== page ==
Town hall launches major inquiry into river sewage
STOCKPORT council has launched an official inquiry into water companies pumping sewage into rivers.
It comes after official figures revealed that United Utilities (UU) spewed waste into the River Mersey a ‘staggering’ 977 times last year and was responsible for 13,373 hours of sewage discharges into borough waterways.
UU - responsible for water and wastewater services across the north west - says these ‘overflows’ help prevent flooding by acting as a ‘pressure relief valve to the sewerage network. They are regulated by the Environment Agency.
The firm adds that it invested £1.2bn on reducing the amount of waste it discharges into rivers up to 2020, and is pumping in an extra £230m before 2025.
Councillor Lisa Smart, chair of the inquiry - which the Lib Dem administration believes is the first of its type in the UK - fears the issue ‘risks ruining our treasured rivers forever.’
She said: “People in Stockport are furious local people fear walking their dogs along our local rivers and streams such as the Mersey, the Goyt and Poise Brook. We also have otters who live in the area and are being forced to swim in foul sewage. This is a national scandal. If the government won’t act, then we will.”
The first public meeting of the inquiry began with representatives from UU answering questions on the ‘eye-watering number of sewage dumps.’
Coun Mark Roberts asked for reassurance that Stockport’s rivers and streams were safe for children and pets to play in, or residents to swim in - particularly after heavy rain has led to sewer overflows.
He also told Werneth area committee meeting how he and Coun Smart had canoed up the Mersey as part of a fundraising event last summer.
“It was a bit of an eyeopener I must admit when we did that and seeing loo roll hanging from the trees where there had been high water - and the smells as you passed through certain parts of the rivercourse,” he said.
“The Mersey is a river that’s used for watersports it’s one of the few that’s allocated as being acceptable for people to canoe. My understanding is you can canoe through the back end of Stockport and all the way through Manchester.”
Mark Sewell, of United Utilities, said the legislation and regulation the company works to is based around ‘the local aquatic ecology and aquatic life,’ not protecting humans who may swim in those waters.
“From a human bathing perspective, bacteria such as E.Coli and intestinal enterococci, that’s what will cause sickness and gastro problems after bathing,” he said. We don’t have any bathing water drivers or bathing water standards for our wastewater discharges that discharge to rivers.”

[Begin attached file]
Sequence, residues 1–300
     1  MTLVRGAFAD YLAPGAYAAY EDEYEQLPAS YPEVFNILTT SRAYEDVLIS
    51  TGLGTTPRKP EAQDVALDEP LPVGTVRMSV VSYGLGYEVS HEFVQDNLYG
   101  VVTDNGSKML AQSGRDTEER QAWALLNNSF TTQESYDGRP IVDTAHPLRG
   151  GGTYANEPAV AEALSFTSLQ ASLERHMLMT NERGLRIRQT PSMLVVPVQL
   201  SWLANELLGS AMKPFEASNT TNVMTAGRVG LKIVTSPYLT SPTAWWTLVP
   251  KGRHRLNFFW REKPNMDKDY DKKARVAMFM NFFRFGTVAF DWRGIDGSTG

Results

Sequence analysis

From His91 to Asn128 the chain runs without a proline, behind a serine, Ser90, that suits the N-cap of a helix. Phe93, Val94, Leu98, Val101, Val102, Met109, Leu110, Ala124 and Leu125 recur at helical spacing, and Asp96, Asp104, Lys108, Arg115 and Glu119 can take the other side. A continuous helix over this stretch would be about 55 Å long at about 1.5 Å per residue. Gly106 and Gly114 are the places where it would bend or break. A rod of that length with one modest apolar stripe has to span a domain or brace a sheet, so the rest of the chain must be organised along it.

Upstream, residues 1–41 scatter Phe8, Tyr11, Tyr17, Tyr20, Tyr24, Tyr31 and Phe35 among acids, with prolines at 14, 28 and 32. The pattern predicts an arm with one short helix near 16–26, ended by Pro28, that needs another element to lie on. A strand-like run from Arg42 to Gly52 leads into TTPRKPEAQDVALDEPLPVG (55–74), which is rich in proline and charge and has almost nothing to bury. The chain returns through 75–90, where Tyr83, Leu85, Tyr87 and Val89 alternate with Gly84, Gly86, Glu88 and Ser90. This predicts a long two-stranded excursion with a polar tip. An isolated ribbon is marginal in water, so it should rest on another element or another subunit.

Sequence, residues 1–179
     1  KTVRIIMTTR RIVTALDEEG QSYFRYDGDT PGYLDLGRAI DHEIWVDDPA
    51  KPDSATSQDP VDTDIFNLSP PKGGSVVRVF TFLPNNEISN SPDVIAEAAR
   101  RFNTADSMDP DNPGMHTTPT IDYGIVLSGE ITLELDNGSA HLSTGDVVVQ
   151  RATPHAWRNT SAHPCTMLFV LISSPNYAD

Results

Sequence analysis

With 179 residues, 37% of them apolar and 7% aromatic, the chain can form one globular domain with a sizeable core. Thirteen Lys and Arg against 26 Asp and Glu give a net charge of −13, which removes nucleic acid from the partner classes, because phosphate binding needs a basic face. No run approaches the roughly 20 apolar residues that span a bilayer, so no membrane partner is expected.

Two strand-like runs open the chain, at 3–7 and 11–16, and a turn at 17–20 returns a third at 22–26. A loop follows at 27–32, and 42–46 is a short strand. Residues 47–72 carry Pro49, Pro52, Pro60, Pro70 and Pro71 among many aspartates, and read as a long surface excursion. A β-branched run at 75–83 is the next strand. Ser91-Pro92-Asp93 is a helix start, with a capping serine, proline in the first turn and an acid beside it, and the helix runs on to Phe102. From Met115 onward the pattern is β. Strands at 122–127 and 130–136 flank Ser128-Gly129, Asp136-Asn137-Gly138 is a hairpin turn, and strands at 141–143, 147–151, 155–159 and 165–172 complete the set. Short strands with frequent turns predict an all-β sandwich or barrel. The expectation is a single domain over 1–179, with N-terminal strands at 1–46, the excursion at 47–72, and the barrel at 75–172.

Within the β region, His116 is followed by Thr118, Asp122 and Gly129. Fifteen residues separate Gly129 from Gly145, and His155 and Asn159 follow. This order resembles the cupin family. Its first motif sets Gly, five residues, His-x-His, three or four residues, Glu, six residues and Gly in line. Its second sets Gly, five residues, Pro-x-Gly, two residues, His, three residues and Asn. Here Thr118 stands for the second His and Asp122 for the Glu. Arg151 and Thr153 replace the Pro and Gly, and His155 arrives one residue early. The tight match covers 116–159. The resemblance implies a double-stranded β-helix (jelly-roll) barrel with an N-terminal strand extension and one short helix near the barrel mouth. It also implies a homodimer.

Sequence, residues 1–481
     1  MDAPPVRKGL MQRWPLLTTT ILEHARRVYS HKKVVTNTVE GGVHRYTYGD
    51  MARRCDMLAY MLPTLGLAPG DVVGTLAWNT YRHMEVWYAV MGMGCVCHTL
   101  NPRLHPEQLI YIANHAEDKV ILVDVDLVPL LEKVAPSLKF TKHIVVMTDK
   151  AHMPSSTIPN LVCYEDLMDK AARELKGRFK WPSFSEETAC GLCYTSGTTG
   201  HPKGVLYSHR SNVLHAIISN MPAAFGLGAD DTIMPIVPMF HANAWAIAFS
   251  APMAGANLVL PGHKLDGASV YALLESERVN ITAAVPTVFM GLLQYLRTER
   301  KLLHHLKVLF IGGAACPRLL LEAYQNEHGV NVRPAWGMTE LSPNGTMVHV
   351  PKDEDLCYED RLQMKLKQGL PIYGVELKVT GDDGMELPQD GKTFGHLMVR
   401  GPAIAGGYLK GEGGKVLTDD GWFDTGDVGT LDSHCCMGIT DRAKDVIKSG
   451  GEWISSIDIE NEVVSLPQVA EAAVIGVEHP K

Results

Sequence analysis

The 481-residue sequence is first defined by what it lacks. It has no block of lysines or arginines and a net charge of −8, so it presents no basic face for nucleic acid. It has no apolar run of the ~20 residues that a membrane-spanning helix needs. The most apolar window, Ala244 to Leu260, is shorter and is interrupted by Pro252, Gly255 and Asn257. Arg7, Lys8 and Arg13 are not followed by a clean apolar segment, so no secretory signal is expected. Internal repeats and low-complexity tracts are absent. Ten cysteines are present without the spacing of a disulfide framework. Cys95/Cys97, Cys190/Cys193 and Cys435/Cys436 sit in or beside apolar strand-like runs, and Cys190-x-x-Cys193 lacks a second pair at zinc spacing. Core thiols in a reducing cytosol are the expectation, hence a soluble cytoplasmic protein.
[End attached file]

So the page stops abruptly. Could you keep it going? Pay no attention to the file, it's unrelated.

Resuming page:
He added that there are only two designated inland river bathing waters in the UK - one in Ilkley and the other in Oxfordshire.
“These are areas where public support [and] local authority applications have led to sections of the river being designated as bathing water. That designation has then helped to drive and facilitate improvements within that catchment.”
In response, Coun Roberts said he was surprised as things that are not good for people tend not to be good for animals and wildlife - and felt a river designated for leisure use should meet human safety standards.
Mr Sewell said it was important to note the ‘context’ that UUs 2025 to 2030 investment programme ran to ‘multiple billions of pounds’ - its biggest ever while the firm was currently ploughing £800m into improvements.
“Maybe [consider] some scale around the level of pay versus what actual investment is taking place,” he said. “In terms of the balance between shareholders and the environment, yes, it’s a balance we need to take, and it’s a difficult one, but that is the same for any privatised water company.”
He added that ‘shareholder confidence’ enabled UU to fund long-term, multi-million improvement programmes.
United Utilities issued an official comment following the meeting.
A spokesperson said: “We were pleased to have the opportunity to discuss our operations with local councillors and we all agree a partnership approach is required to tackle river water quality in the region.
“By 2025, we will have invested £75m improving wastewater treatment across Stockport’s Mersey catchment. This includes new technology to improve the quality of the treated water going back into the Goyt and Tame.
“We know there is more to be done and that’s why we’ve launched our Better Rivers: Better Northwest programme. As part of this, we are investing an additional £230m to improve 184km of waterways and reduce the number of times storm overflows operate across the North West. We won’t stop there and from 2025, we will be going even further - with one of the biggest environmental improvement programmes ever delivered.”